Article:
People should fear the economic effects of hosting the Olympics with all the same fright that they fear the economic effects of incoming hurricanes and tornadoes. It’s the smash-a-thousand-windows economic development plan.
Government “waste” is too tame a title for the Sochi Olympics. Sochi is an edifice to public corruption and dissipation. One must hope that Russia’s $50 billion games forever symbolize the scam that is “winning” a bid to host the Olympics and that the next time a U.S. president attempts to bring the games here people will condemn the endeavor. But the reality is: they won’t.
No matter how embarrassing this year’s Olympics has become, commentators will ultimately write it off as “Russia being Russia.” As The Economist magazine wrote last year, “in Russia corruption is not a side-effect: it is a product almost as important as the sporting event itself.” But if this is the only takeaway from this year’s games, it will be a major loss to the world. The fact is that nearly every major sporting event is staged with a combination of corruption and economic ignorance.
People love sports; politicians love spending; and no one ever remembers the last time. Economists have known for years that there are no fiscal or economic benefits to hosting major sporting events, but the political will to dump billions into public entertainment has been with us since the Greeks and the Romans, and there’s always some worthless self-serving economic study for supporters to back their position. As economist John Compton wrote in a 2006 paper excoriating such studies, “Most economic impact studies are commissioned to legitimize a political position rather than to search for economic truth.”
Unsurprisingly then, when the 1994 USA Bid Committee found $4 billion in net benefits to hosting the World Cup, the reality is that, as one study found, “host cities experienced cumulative losses of $5.5 to $9.3 billion.” This helps explain how, despite the overwhelming popularity of soccer in Brazil, Rio is rioting over the World Cup expenditures right now. “We are against the millions and millions of dollars being spent for the cup,” one student told The Telegraph.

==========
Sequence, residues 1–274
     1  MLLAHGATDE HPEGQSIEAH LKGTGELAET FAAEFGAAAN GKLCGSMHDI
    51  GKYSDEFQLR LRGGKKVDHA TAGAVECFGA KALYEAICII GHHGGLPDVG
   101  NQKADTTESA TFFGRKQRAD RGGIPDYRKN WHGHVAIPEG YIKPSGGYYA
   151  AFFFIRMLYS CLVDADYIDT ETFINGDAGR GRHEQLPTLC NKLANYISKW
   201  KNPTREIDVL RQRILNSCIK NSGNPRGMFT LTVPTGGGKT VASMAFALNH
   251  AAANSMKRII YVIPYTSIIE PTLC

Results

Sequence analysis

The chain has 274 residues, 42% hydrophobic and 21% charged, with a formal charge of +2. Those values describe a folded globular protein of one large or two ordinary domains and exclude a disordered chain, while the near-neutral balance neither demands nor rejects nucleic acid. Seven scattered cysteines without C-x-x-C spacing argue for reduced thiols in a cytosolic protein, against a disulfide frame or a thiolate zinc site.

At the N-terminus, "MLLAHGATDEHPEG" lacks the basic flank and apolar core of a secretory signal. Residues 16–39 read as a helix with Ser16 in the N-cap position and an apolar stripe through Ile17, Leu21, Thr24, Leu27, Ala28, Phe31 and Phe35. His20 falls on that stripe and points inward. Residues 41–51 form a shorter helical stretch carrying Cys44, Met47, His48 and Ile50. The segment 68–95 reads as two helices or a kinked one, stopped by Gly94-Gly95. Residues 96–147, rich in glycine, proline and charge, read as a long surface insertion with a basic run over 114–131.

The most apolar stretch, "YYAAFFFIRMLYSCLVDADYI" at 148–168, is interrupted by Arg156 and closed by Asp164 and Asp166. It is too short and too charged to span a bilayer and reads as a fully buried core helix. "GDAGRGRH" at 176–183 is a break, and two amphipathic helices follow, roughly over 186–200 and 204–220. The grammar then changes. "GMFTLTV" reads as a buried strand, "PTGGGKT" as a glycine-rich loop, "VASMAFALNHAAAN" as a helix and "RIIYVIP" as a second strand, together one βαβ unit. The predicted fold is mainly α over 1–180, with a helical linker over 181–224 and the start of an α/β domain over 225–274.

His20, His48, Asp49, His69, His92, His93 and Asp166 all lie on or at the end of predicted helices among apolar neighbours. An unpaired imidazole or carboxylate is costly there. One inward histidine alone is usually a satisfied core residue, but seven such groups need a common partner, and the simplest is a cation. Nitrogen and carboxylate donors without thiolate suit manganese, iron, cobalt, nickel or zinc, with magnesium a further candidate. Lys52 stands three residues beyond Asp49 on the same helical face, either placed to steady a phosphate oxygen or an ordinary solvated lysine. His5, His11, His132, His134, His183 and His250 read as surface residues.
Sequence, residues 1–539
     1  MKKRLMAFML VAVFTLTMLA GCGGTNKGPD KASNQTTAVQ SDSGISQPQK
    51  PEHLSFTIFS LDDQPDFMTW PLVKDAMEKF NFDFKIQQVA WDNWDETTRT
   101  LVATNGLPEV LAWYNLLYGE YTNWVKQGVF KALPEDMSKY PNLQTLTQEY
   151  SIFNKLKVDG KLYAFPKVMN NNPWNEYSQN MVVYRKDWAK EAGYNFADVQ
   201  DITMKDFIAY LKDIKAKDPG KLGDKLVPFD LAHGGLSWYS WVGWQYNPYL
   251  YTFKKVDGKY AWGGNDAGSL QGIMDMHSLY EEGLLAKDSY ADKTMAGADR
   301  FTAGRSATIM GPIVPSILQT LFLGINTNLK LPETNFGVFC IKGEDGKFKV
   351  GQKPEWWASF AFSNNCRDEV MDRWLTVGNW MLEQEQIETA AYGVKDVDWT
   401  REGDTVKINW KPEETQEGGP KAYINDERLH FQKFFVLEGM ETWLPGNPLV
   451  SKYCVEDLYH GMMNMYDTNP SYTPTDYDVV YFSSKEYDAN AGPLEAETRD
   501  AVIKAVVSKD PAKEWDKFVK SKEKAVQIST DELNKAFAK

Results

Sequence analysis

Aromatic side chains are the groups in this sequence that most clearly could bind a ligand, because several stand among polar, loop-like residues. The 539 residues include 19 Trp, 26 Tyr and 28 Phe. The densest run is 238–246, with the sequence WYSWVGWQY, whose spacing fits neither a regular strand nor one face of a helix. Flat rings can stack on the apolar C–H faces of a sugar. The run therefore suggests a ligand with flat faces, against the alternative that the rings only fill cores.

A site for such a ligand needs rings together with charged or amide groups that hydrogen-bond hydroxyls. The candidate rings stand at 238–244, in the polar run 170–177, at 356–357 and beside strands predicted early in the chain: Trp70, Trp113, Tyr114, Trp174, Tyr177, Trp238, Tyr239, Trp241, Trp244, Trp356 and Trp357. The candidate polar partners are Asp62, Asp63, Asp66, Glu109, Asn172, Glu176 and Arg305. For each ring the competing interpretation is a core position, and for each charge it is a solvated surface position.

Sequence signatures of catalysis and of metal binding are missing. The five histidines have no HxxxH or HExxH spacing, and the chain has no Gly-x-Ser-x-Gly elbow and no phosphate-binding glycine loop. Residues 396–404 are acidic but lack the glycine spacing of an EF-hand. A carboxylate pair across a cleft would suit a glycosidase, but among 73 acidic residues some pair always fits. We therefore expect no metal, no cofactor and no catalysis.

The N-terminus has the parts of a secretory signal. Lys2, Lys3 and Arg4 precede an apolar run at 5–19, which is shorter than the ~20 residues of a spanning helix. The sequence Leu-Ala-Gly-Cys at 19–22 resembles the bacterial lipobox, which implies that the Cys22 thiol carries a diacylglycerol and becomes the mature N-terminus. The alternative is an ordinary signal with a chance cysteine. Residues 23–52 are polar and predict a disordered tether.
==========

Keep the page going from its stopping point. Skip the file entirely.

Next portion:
It may be true that Sochi itself—primarily the politically connected—will benefit from the billions that Putin has poured into it, as one recent study found, even that study found that overall, Russia loses. “Ordinary Russians cannot be blamed for hoping that some profit might also come their way,” Vanity Fair notes dryly. Economist Dennis Coates helpfully gives a historical perspective:
Barcelona’s Olympic experience put the Spanish government $4 billion in debt, with the city and province taking another $2.1 billion of indebtedness. The Nagano Olympics added $11 billion in debt to Japan’s total. Athens projected costs of staging the Olympics at $1.6 billion, but actual costs were nearer to $40 billion.
Of course, even these costs will not be greeted with the horror that they deserve. Indeed, the most influential economist of the 20th century supplied the best defense of stadium-sized, Olympic-style waste that has ever been given. “’Wasteful’ loan expenditure may nevertheless enrich the community on balance,” Lord Keynes wrote in The General Theory. “Pyramid-building, earthquakes, even wars may serve to increase wealth.”
As long as long as people continue to love sports and as long as such ideas seem reasonable to anyone, we’ll continue to have government waste of Olympic proportions.